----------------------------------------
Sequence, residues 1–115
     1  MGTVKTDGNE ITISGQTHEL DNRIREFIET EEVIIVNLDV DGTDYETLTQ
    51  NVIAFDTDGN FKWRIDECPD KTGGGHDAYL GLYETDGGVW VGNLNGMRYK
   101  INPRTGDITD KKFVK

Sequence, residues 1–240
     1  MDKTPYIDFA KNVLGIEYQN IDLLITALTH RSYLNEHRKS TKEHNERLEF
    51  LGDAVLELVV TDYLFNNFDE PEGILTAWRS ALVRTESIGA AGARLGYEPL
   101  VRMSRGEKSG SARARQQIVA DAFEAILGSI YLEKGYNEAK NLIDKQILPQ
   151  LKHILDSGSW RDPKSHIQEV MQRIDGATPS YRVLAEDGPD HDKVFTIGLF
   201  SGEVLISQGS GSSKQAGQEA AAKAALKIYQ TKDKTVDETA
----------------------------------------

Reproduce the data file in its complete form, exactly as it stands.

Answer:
Sequence, residues 1–115
     1  MGTVKTDGNE ITISGQTHEL DNRIREFIET EEVIIVNLDV DGTDYETLTQ
    51  NVIAFDTDGN FKWRIDECPD KTGGGHDAYL GLYETDGGVW VGNLNGMRYK
   101  INPRTGDITD KKFVK

Sequence, residues 1–240
     1  MDKTPYIDFA KNVLGIEYQN IDLLITALTH RSYLNEHRKS TKEHNERLEF
    51  LGDAVLELVV TDYLFNNFDE PEGILTAWRS ALVRTESIGA AGARLGYEPL
   101  VRMSRGEKSG SARARQQIVA DAFEAILGSI YLEKGYNEAK NLIDKQILPQ
   151  LKHILDSGSW RDPKSHIQEV MQRIDGATPS YRVLAEDGPD HDKVFTIGLF
   201  SGEVLISQGS GSSKQAGQEA AAKAALKIYQ TKDKTVDETA